28 Aug 2017 16:58 IST

Depopulation has turned Serbia’s villages into ghost towns

The Serbian government offers incentives to younger people to stay in villages

Repusnica was once a bustling village on the slopes of Mount Stara Planina in Serbia. Now its bars lie empty, its houses stand shuttered and nobody walks its streets.

Authorities declared the village near the border with Bulgaria closed in 1998 due to depopulation caused by mechanisation of the economy, the closure of state factories and an exodus from Serbia linked to the Balkan wars of the 1990s.

In many nearby villages, the population has dwindled and sometimes just an elderly couple or a single person is left. Schools, clinics, veterinary stations and shops are closed. Visitors are rare. Roads are peppered with potholes.

“Some people left, moved away to seek better living standards. The village was neglected and ignored especially when it came to infrastructure,” said Rade Bogdanovic, a retired veterinarian in Kalna, which is part of the Knjazevac municipality that also includes Repusnica.

“Only the elderly stayed behind, the parents of those who left, and over time they grew older and died,” he said as he stumbled across rubble to reach his dilapidated former office. He said Kalna’s population had shrunk from 4,000 to 1,000.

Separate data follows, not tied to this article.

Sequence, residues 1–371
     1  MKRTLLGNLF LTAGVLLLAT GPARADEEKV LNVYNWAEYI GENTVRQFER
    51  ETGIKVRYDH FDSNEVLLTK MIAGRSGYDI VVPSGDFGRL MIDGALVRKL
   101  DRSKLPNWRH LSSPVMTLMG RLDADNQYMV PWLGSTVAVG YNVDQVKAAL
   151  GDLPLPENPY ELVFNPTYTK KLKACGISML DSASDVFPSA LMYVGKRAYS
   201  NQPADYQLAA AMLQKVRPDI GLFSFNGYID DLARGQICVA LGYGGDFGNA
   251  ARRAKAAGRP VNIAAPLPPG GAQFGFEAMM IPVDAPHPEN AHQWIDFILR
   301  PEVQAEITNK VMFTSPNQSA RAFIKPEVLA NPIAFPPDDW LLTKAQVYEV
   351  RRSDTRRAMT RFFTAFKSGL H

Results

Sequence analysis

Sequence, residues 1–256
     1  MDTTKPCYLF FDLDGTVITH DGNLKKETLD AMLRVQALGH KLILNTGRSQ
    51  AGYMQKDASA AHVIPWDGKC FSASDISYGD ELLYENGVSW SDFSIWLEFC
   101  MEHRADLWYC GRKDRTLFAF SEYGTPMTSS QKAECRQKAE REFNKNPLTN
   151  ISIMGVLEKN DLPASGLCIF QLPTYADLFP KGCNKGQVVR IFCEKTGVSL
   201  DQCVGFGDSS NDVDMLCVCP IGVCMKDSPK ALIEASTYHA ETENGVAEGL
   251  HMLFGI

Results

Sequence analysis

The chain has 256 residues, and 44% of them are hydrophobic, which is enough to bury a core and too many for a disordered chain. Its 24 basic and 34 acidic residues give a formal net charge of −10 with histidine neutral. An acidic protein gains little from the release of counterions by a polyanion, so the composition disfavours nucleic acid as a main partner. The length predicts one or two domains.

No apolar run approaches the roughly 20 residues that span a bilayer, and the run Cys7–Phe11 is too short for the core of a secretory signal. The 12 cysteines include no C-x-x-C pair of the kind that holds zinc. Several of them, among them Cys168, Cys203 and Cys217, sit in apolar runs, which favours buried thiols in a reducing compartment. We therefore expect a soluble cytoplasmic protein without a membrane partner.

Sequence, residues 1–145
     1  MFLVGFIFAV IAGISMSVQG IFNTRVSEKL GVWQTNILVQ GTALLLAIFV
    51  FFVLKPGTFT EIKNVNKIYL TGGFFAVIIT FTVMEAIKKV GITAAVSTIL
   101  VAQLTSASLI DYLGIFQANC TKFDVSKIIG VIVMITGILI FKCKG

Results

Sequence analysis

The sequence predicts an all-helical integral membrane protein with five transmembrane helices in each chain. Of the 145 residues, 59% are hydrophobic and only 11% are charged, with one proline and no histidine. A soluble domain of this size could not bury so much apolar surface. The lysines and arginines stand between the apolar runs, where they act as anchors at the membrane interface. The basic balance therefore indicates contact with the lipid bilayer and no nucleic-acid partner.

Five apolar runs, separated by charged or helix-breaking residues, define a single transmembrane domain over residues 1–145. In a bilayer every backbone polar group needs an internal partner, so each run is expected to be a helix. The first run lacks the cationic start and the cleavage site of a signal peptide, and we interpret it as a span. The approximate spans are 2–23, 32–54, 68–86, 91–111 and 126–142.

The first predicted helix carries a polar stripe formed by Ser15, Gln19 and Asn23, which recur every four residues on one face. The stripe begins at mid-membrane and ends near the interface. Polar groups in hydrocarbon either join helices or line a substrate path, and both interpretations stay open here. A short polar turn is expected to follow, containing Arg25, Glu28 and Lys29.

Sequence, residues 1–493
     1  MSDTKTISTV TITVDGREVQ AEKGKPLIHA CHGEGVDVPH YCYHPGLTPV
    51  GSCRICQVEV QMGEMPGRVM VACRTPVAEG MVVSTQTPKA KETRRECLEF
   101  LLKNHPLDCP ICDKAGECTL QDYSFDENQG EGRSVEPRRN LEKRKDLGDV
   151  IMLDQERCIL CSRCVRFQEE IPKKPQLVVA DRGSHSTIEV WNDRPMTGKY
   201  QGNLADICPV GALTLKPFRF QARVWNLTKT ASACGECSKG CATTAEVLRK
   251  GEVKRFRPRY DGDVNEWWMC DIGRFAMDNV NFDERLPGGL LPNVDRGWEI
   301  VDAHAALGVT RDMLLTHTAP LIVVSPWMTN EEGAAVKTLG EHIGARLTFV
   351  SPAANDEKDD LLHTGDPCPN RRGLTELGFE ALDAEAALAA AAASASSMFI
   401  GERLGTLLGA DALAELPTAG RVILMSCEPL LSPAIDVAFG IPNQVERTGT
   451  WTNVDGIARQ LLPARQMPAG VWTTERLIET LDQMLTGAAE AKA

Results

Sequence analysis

Between 2002 and 2011, Serbia lost more than 3,77,000 people or 5 per cent of its population of around 7 million, according to the census. Numbers have fallen in 86 per cent of the country’s 4,600 villages, according to the Serbian Academy of Science.

A similar situation exists in some other countries in the Balkans and southeastern Europe.

In the past 50 years the eastern Serbian municipality of Knjazevac fell by half to 30,000 people.

“We now have a population in line with what we had after World War I,” said Marija Jelenkovic, a municipal official.

In the 1960s, 1970s and 1980s around a million left to seek jobs in the West. An estimated 7,00,000 people left Serbia during the Balkan wars of the 1990s.

The outflow continued after the fall of President Slobodan Milosevic in 2000. A transition to a market economy saw many state factories close and a trend towards smaller families has seen the average age rise to 42 according to the 2011 census, up from 40 in 2002.

The Serbian government has sought to tackle the problem by improving infrastructure and offering incentives to younger people to stay in villages. The effort is yet to yield results.